As for the morality of the problem: nurses and doctors are hired to do their jobs. Whether their agree with it or not must not affect their work. If they do not agree with the procedures, they should have chosen a professional field in which their religious allegiances would not be put into question, such as gardening (no offense intended. I like gardening myself). Such actions should not even be allowed in a secular society.

  • G. Owen Schaefer says:

    Francesca, is your objection A) complicity in wrongdoing, in general, cannot justify refusing to carry out professional duties; B) complicity in something one believes to be wrong cannot justify refusing to carry out professional duties; or C) neither A nor B are generally/universally true, but there is something particular about abortion that makes complicity arguments unsound? Option A seems problematic; it would seem to imply that professional duties trump moral ones. It commits one, e.g., to permitting soldiers to assist with massacres when ordered, or factory workers to dump toxic sludge into rivers when required by their superiors. I think it is still implausible if we restrict it to legally permissible professional duties; it may be, e.g., that due to a corrupt/ineffective legal system, the sludge-dumping is not illegal.

    B is rather plausible; it helps rule out the sort of cases Theo mentions like teachers refusing to teach evolution. But if B is true while A is not, the central question becomes – are the nurses correct in their judgment that abortion is wrong? Perhaps this is the crux of the whole conscientious objection debate anyway. Something similar could be said of teachers’ refusal to teach evolution (or refusal to omit teaching creationism); compare this to a teacher’s refusal to teach creationism/intelligent design. The latter, many of us would think, is not at all problematic, while the former is. This is because we (or at least many of us) view evolution to be a valid scientific theory, while creationism not scientifically plausible, or scientific at all – it is essentially a religious theory (and teachers should only teach valid scientific theories, not religious ones, in science class).

    If C, it would be useful to know what makes abortion (or perhaps healthcare) unique, and how the argument goes.

  • Francesca says:

    I wrote a long reply but something went wrong uploading it. I basically said that I agree with the second option. If treatments are safe and beneficial they should be performed, because in these cases professional duties should trump moral ones. I agree that if someone were asked to e.g torture a patient, she would be entitled to refuse, because the treatment is not beneficial or safe.

    • Julia says:

      I don't think the litmus test should be whether the procedure is safe and beneficial, since that judgement is subjective. What makes professional duties to perform abortions trump moral ones is how the people and the courts have ruled on this issue, and the law says women have a right to abortion. If these nurses are opposed to abortion, they should become anti-abortion activists and try to pass laws outlawing abortion. They should not take advantage of their private professional positions to obstruct women accessing their state sanctioned rights.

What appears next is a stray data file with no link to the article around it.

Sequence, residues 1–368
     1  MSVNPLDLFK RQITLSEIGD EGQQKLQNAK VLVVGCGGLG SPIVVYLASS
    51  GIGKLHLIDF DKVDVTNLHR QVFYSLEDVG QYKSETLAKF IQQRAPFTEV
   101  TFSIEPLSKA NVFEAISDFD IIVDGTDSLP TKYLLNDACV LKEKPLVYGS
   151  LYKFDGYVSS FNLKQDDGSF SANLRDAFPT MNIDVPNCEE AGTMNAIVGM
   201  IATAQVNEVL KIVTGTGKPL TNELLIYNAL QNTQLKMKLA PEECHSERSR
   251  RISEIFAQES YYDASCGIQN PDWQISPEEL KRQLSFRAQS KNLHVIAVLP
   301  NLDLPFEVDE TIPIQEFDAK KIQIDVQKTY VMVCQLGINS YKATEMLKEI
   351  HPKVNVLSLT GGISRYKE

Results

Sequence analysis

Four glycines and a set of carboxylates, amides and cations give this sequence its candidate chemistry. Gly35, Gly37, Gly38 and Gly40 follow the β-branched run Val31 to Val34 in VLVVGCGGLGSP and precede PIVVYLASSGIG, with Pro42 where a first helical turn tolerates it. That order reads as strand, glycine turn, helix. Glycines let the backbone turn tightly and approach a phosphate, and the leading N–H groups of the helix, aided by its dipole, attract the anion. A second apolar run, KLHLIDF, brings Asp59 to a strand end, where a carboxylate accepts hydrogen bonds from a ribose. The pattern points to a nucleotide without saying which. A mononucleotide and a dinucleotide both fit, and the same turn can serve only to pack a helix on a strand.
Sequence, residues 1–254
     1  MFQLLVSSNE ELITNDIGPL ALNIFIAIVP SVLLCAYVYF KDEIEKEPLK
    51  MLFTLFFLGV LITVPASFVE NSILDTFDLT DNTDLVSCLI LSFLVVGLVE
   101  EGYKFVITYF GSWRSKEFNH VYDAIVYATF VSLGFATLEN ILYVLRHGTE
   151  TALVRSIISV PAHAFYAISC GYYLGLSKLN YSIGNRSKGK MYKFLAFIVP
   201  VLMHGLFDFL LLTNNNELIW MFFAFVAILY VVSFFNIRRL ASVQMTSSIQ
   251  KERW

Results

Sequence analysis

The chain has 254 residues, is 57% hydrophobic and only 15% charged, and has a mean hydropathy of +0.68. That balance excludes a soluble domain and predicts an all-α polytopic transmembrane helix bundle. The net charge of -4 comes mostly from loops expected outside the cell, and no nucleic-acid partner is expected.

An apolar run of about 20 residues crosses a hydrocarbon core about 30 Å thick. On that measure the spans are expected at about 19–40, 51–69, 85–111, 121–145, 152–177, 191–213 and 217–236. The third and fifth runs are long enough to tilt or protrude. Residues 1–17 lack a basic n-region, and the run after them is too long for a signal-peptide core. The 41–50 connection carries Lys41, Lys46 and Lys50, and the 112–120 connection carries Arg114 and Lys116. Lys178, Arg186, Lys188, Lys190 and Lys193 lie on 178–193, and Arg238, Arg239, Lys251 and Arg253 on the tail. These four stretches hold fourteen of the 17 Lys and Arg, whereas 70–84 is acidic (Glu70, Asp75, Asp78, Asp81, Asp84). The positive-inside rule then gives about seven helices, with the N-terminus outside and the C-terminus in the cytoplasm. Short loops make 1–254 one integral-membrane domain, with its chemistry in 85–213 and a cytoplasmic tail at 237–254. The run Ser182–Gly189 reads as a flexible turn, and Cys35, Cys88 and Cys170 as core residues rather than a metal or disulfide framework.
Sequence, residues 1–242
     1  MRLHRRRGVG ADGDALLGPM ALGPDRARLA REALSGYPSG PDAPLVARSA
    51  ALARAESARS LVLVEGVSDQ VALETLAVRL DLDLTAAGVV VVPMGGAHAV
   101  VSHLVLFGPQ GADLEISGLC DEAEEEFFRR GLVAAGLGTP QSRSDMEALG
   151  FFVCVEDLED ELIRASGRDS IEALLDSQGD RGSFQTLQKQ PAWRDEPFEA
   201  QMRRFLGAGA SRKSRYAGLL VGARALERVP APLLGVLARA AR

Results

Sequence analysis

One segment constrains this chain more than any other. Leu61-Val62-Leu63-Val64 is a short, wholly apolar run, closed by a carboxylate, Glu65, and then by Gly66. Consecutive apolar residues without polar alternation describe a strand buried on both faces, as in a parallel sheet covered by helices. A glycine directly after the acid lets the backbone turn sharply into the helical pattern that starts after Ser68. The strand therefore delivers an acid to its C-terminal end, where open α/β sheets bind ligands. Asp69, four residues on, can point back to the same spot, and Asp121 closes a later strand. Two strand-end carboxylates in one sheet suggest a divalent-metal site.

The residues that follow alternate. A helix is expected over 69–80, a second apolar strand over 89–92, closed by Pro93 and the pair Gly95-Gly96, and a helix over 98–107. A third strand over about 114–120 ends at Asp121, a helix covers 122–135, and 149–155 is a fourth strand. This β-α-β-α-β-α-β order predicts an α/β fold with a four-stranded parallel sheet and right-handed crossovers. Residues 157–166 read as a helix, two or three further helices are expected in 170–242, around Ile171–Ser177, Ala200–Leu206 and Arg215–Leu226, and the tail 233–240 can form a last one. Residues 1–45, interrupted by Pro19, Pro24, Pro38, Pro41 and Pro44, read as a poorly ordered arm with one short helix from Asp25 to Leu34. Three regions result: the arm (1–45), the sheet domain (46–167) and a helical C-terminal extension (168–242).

• Theo says:

        "What makes professional duties to perform abortions trump moral ones is how the people and the courts have ruled on this issue".

        I had never thought on the matter in this way, thank for the insight! I actually solves a lot of problems.

  • Peter Wicks says:

    I don't agree that the nurses aren't helping to kill by assisting patients after the abortion. By doing so they are encouraging a practice that they consider to be immoral, and indeed murderous. Knowing that you are going to be assisted by nurses after the abortion presumably makes the whole idea more palatable, so it is perfectly reasonable for the nurses to claim that they are helping to kill. It seems to me disingenuous to reassure them on the grounds that the baby is already dead.

    Mor am I convinced that the fact that "the people and the courts have ruled on this issue" can be considered a conclusive argument in the context of an ethical debate. Ethicists are also peopleand we may wish to influence people's judgement – and by extension the laws of the land and behaviour of the courts – on this matter. I am not saying that the hospital was wrong to change it's policy (though I would be interested to know why it did), but it does seem to me that it is reasonable to want to be a nurse or doctor without wanting to take part in certain practices, and that it's at least not bad for society to try to accommodate this where reasonable. Nor is the analogy with soldiers killing people a fair one: killing is obviously an integral part of being a soldier, in a way that assisting with abortions is not an integral part of being a nurse or doctor. There are plenty of other things one can do and still be a nurse or doctor – even a gynaecologist.